The "storage" tab, which is currently empty, will let the user enable and change the configuration of a back-end just like the displayed Plugin tab. This allows to maintain all the configurations in one easily-findable place, and it's already in GTG plans. Although a few interfaces have been discussed, I will follow the lines of our plugins tab, in order to maintain a consistent UI (which is the same of gedit, gnome-do and several other projects).

To create the tag-backend relationship, I will add an entry to the short pop-up menu of the "tags pane". Something like this:


Clicking on that, the user will be presented to a simple checkbox list of the currently configured back-ends. "Ticking" one of the boxes will start synchronizing that the tasks associated with that tag with the backend. Tasks associated with sub-tags (tags can be nested in GTG) of that tag will also be synced. GTG already has a "All tasks" tag, so a user can sync all tasks in a similar way.

Optionally, in order to allow a faster addition of a lot of tags to a back-end, I can add a text box in the back-end configuration containing the list of the tags that will be synced with that back-end. The user can simply edit that field to add tags. Before doing that, however, I will discuss this solution with the GTG team (I had this idea today, so I haven't had the opportunity to propose it yet), most importantly with Bertrand Rousseau, which has veto power on UI changes.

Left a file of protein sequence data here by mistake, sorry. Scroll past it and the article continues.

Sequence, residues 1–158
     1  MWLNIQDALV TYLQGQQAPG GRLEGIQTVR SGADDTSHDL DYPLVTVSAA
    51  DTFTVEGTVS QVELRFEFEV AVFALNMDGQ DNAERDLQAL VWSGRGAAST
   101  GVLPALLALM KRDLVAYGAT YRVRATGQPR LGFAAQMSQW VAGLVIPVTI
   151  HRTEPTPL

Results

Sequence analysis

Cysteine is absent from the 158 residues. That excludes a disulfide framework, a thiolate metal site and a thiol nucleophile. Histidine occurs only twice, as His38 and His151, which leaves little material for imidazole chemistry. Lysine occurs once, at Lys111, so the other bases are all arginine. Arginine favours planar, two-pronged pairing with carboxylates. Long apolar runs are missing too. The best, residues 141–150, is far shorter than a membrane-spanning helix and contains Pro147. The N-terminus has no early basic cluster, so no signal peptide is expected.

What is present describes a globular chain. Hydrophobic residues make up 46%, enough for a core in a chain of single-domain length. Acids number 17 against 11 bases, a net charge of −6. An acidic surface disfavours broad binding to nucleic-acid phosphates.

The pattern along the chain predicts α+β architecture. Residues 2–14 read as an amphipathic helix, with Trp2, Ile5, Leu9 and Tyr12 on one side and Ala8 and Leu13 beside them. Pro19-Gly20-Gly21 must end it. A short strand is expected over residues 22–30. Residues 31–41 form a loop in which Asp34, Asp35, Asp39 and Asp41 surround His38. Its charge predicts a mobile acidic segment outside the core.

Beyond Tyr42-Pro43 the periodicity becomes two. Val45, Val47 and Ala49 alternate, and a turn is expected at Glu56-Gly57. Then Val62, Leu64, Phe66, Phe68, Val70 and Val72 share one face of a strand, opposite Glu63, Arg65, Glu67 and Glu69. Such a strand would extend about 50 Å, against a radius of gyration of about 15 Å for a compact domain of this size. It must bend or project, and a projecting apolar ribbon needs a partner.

If the user is required to interact with a back-end for unforeseen reasons (loss of authentication, for instance), I will display the notification to the user using the GTKInfoBar class, which is increasingly used in GNOME apps (Gedit and Nautilus come to mind) because it's less intrusive than a popup but it still can't be missed. This will also augment the UI consistency between GTG and the rest of the GNOME Project


Backend implementations

I'm planning to convert and expand the RTM and Evolution plugins to this infrastructure, and implement from scratch an import-only backend for Launchapad bugs using launchpadlib. If time remains, I'll add an import-only twitter/ backend (using the python-twitter library). If time still remains, I'd like to convert and finish the support for Couch-DB (so, UbuntuOne support), and implement a otherwise I'll do that in my free time after GSoC.


I think that easing the way for other developers to get busy with coding is most important, so I will take some time to write an "how-to" guide on writing a back-end, and post in in both GTG wiki and blog. Maybe that will give the head start for some new back-ends!

Apps/GTG/soc2010_invernizzi (last edited 2015-01-06 10:33:38 by OliverPropst)